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|The Kreutzer Sonata|
dir Bernard Rose
scr Lisa Enos, Bernard Rose
with Danny Huston, Elisabeth Röhm, Matthew Yang King, Anjelica Huston, Devon Sorvari, Annie Morgan, Kinsey Packard, Julia Sandberg, Matthew Jacobs, Daniel O'Meara, Stella Huston, Dave Pressler
release UK 12.Mar.10
The green-eyed monster: Huston
|R E V I E W B Y R I C H C L I N E|
The second in Rose's planned trilogy of films based on Tolstoy novels (after Ivansxtc), this is a gripping, Hitchcockian marital thriller with the added value of a score by Ludvig van Beethoven himself.
Edgar (Huston) has planned a benefit dinner in his home in aid of African war victims. The centrepiece of the evening will be a performance of Beethoven's Sonata No 9, performed by professional violinist Aidan (King) and Edgar's wife Abby (Röhm), who gave up her career as a concert pianist to raise his children. But this sonata has a lusty history, and Edgar finds it impossible to believe that Aidan and Abby aren't having an affair. Consumed with jealousy, he considers taking the ultimate action against them.
Rose and Eno's script fractures the story into a series of flashbacks that swirl into a frenzy of fevered obsession as we see the events through Edgar's eyes. The more details we catch, the more afraid we are of what he will do next, and this is made even more squirm-inducing by the fact that it seems to be much ado about nothing (or rather, tragically Othello-like), and Edgar might be working himself into a murderous rage against two innocent people.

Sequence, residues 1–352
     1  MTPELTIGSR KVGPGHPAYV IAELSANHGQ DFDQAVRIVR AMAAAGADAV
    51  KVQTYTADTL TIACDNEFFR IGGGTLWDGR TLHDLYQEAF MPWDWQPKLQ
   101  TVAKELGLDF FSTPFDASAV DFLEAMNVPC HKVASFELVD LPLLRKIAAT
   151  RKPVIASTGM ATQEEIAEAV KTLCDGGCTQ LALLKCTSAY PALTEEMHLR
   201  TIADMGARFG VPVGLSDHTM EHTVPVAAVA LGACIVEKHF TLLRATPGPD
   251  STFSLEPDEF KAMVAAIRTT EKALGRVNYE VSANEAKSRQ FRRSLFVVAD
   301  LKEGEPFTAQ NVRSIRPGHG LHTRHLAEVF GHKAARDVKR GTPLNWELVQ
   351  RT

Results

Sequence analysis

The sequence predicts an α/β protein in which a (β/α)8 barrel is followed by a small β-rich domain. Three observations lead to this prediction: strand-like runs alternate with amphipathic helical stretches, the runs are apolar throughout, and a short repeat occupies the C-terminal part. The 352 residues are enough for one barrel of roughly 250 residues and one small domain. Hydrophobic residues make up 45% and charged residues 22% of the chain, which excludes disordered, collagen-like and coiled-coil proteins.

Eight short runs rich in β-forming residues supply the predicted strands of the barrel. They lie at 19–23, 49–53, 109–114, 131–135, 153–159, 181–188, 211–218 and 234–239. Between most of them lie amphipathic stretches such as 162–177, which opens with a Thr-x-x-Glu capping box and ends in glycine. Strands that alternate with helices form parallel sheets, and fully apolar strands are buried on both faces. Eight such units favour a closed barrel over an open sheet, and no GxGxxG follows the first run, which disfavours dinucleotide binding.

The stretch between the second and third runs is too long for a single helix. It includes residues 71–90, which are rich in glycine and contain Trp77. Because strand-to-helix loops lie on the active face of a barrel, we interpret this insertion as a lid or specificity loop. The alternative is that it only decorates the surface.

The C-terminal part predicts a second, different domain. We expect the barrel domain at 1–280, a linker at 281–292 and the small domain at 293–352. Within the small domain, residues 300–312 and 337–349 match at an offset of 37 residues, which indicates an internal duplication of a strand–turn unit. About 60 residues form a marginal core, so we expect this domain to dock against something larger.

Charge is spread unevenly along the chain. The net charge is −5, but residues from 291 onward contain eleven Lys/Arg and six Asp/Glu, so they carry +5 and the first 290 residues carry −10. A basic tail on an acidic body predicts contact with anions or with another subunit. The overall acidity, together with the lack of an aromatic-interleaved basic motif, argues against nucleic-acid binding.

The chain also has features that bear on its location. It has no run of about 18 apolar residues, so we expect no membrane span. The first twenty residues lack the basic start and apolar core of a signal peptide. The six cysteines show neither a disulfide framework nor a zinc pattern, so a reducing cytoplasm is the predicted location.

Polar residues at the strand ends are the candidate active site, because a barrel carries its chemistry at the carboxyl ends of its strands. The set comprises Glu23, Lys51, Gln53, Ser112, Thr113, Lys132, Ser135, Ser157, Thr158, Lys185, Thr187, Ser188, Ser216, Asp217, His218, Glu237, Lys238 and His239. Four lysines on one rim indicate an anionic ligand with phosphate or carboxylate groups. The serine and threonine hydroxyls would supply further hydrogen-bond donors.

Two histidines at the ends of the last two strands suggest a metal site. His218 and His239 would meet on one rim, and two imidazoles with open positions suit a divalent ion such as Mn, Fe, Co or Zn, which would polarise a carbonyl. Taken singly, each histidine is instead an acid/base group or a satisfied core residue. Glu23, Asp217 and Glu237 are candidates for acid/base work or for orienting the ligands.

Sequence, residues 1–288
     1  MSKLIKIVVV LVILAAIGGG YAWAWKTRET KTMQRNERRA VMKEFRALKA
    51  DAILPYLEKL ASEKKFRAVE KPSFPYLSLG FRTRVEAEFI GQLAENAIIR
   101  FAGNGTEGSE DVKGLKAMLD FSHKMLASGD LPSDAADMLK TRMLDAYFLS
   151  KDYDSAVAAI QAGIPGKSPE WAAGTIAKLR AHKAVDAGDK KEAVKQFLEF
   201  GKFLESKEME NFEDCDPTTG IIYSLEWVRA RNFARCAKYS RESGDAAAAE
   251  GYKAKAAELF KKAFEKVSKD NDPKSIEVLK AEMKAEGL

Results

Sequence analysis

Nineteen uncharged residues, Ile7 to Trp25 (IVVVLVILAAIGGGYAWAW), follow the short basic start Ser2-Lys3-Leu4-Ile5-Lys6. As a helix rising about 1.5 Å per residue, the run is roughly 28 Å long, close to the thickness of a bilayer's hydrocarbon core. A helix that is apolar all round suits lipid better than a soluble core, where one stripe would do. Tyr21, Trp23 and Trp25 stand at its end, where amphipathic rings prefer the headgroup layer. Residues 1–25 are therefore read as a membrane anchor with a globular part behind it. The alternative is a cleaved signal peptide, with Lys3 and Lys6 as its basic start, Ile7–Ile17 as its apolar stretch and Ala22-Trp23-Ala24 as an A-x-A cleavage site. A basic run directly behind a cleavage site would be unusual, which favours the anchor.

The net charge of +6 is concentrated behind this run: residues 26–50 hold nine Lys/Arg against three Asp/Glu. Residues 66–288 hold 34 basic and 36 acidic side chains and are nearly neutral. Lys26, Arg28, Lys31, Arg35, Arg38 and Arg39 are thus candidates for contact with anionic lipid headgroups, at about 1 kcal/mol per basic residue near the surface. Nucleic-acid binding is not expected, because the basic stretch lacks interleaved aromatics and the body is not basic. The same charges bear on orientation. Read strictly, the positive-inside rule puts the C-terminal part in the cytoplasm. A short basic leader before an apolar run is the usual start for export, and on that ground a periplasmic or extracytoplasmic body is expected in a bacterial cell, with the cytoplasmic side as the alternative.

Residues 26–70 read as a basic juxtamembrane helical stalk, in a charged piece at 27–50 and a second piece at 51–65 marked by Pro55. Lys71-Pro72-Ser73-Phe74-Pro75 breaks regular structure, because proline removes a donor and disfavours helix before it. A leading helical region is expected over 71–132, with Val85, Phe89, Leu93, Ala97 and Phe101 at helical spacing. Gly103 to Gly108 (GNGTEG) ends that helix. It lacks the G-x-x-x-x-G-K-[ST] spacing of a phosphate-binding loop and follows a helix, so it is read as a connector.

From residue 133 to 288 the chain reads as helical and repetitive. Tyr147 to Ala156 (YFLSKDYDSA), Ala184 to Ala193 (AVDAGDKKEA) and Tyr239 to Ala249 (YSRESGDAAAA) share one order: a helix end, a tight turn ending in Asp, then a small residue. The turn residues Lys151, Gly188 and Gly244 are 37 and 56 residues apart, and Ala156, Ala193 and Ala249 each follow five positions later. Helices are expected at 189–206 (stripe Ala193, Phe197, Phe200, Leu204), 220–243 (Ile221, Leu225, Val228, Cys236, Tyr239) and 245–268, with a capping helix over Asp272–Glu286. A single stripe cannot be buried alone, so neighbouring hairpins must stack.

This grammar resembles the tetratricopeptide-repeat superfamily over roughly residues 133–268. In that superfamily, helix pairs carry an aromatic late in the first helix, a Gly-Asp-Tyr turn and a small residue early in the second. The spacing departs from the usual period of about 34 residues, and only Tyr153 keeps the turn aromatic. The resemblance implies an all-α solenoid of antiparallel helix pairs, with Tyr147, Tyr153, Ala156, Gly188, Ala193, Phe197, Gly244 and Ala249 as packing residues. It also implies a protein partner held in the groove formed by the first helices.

As with Ivanstxc, Rose keeps the camera right on Huston, almost guerrilla-style. Scenes are intimate and intense, sometimes a bit overwrought, with surprising jump cuts and an energetic pace. Amid the cross-cutting, we see Edgar and Abby's story, from meeting to the unplanned pregnancy (one child is played by Huston's daughter Stella) and years of domestic bliss and hell. There's also a lovely sequence when Edgar meets with his formidable sister, played with a spark of chemistry by Danny's big sis Anjelica.
All of this is performed with such raw honesty that we feel almost like we're intruding on their personal life. Sex scenes are especially intimate, as Huston throws himself into the role and anchors the film as a likeable anti-hero. It's more than just infidelity here: it's a woman who has found her inner strength, which is threatening to the man who has indulged her insecurities. But the effect of this is to get us on their side as a couple, and watching them head for the worst end possible is powerfully gripping.
|R E A D E R R E V I E W S|
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© 2008 by Rich Cline, Shadows on the Wall|
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